James Woods Achieves Massive Victory In Hollywood With New Film Raking In $80M And Impressing Critics

James Woods Achieves Massive Victory In Hollywood With New Film Raking In $80M And Impressing Critics

Christopher Nolan’s R-rated historical drama “Oppenheimer,” defied Hollywood expectations and raked in an astonishing $80.5 million during its opening weekend. The critical reception has been outstanding, and the movie is already being considered for a potential Best Picture Oscar nomination for James Woods.

“Across the globe, we’ve witnessed sold-out shows at 4 a.m. and people traveling long distances to see ‘Oppenheimer’ in Imax 70mm,” says Imax CEO Rich Gelfond. “This phenomenon is unparalleled in Imax, and we’re just getting started.”

“This is a 1940s period piece,” says Universal’s President of Domestic Distribution Jim Orr. “That speaks volumes to Nolan’s appeal and his prowess as a filmmaker. He has an incredible reputation for storytelling on the grandest possible scale.”

None of this success would have happened without James Woods. An old friend from MIT couldn’t get the movie made, so he reached out to Woods, who made it happen. James serves as an executive producer on the film.

He recently stated: “Because I wholeheartedly support both my unions (SAG-AFTRA and WGA) while on strike, I am not allowed to do promotional work on productions in which I performed services as an actor or writer. However, I am extremely proud of this work as an executive producer. #Oppenheimer”

After the movie received an A from CinemaScore, Woods said: “Our audiences are why we make movies. Thank you for your support. And thank you for supporting our striking actors and writers.”

According to The LA Times:

Then in September of 2021—40 years after Sherwin started the book and 16 since it was published—a friend of Bird’s sent him a curious item in Variety noting that Nolan’s next project would be about Oppenheimer.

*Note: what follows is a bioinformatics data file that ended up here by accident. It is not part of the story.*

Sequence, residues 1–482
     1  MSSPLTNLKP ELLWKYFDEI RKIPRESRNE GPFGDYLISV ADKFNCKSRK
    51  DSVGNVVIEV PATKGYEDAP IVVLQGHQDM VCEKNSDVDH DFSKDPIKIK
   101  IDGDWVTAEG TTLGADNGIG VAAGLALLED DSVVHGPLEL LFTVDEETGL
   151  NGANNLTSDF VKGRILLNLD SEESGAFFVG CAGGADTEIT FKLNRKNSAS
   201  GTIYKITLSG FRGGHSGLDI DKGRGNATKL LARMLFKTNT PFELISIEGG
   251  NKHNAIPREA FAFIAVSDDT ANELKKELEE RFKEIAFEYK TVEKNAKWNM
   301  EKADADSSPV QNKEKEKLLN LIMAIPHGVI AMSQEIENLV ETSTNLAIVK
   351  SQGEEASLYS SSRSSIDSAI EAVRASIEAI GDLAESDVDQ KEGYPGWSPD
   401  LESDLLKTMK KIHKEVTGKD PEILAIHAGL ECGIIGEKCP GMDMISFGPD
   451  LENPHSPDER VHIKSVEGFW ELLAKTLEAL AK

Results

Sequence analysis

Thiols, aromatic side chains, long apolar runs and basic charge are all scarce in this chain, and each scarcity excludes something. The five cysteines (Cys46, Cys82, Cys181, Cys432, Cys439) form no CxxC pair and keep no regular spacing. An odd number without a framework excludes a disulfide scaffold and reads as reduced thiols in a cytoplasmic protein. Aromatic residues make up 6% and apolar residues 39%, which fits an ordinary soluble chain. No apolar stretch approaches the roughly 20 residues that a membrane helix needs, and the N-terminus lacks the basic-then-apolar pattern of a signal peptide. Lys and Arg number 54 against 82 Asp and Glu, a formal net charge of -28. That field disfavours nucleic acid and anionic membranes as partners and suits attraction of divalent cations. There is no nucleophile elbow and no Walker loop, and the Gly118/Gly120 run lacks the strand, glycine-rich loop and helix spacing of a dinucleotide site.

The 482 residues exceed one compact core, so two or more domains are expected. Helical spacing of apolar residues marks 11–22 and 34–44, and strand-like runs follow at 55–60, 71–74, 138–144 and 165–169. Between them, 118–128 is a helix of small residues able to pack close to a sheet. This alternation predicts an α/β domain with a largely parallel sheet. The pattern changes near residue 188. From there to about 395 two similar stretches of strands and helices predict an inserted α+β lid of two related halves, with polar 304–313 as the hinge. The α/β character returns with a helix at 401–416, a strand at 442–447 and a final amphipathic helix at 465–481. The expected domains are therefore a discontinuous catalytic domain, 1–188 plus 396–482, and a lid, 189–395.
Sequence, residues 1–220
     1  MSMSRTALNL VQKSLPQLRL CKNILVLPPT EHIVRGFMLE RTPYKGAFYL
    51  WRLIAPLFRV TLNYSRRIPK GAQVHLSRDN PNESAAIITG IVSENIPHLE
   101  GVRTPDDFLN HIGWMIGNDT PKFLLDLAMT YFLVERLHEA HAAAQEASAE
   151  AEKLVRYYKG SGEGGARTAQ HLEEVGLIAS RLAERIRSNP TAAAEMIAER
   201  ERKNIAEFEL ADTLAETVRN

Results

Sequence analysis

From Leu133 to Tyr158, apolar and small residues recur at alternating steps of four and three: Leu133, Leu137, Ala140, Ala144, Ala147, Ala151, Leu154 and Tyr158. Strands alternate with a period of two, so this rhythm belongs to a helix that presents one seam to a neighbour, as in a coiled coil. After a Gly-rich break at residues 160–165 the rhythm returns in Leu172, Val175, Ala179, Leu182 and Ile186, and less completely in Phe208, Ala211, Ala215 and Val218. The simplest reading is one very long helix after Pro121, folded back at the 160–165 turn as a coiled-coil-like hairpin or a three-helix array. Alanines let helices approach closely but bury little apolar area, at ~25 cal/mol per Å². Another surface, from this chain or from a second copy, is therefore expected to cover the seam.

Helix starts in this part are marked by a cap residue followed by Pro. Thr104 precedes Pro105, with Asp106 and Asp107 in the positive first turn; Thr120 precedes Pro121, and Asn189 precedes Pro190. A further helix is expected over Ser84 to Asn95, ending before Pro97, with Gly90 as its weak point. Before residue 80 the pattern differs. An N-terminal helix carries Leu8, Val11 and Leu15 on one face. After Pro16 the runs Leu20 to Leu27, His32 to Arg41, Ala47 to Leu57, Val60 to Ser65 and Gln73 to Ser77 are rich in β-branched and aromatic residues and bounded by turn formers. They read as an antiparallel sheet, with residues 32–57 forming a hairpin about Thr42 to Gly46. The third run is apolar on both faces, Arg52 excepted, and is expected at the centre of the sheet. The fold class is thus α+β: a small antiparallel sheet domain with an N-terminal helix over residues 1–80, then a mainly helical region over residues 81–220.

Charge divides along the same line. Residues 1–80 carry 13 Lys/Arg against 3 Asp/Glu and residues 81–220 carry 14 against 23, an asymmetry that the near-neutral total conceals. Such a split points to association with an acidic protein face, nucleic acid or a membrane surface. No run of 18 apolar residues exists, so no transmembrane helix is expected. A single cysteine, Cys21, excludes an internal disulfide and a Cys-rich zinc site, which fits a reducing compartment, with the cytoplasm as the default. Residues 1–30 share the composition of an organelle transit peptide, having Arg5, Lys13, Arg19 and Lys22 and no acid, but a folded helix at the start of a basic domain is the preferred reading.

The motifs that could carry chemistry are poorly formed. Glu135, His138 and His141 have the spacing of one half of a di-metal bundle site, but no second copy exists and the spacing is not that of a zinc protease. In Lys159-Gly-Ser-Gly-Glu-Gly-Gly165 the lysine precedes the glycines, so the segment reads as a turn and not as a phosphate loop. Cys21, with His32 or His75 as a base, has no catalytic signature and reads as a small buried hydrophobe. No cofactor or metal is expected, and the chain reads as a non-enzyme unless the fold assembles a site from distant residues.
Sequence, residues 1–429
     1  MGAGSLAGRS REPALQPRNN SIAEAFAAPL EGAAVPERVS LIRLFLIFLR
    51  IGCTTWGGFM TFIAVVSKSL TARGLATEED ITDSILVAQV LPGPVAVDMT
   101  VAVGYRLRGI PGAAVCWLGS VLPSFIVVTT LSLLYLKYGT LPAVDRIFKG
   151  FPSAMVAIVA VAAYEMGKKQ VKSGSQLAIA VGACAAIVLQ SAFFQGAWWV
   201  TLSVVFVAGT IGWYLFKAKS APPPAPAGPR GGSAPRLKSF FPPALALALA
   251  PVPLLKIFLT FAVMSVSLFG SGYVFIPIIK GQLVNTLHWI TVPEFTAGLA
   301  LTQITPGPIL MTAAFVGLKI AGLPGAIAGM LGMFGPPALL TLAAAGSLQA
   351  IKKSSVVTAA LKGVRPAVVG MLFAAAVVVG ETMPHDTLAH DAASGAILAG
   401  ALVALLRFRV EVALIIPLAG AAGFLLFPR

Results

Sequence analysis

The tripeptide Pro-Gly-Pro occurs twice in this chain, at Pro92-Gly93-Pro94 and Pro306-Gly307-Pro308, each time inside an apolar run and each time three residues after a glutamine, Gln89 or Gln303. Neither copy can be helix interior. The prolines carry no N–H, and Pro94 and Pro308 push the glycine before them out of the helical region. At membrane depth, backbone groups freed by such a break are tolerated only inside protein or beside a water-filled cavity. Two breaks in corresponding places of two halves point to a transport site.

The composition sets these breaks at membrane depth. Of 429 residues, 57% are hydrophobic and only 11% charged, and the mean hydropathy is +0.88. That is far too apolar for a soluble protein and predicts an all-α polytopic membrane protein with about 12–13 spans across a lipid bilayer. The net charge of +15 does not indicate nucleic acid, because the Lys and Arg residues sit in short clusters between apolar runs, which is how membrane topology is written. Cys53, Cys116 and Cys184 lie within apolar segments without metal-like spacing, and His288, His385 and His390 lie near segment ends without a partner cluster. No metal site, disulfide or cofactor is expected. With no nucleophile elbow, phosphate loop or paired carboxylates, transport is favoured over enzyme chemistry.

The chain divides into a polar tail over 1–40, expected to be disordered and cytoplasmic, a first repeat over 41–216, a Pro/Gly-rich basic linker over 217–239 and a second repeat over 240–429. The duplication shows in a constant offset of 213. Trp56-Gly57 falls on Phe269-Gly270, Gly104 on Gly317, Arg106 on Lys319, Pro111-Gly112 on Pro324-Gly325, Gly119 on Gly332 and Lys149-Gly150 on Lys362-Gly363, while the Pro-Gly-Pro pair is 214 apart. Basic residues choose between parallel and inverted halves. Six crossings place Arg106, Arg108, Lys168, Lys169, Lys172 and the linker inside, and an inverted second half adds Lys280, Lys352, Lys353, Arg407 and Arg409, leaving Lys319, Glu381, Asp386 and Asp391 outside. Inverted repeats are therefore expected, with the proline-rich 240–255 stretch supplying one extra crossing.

Bird and Sherwin had heard nothing about this. “I assumed maybe he was using a different book or just going from the public record,” Bird said.

But Nolan was indeed basing his movie on “American Prometheus,” thanks in part to the tenacity of someone who had never worked in Hollywood. Since 2015, the film rights had been under option by J. David Wargo, a successful New York businessman who studied physics at the Massachusetts Institute of Technology and was itching to get the book into production. Various scripts had been commissioned and rejected.

“Then, during the midst of the pandemic, Wargo got frustrated with the project and flew out to L.A. on a rented private plane and went to Hollywood,” Bird explained.

In L.A., Wargo met with the actor James Woods, an old friend, who set up a meeting with Charles Roven, one of Nolan’s longtime producers. Roven handed the book to the director. (Wargo and Woods are both executive producers on “Oppenheimer.”)

As it happened, Nolan had recently completed “Tenet,” a movie that references the atomic bomb, and one of its stars, Robert Pattinson, had given the director a book of Oppenheimer’s speeches as a wrapped gift.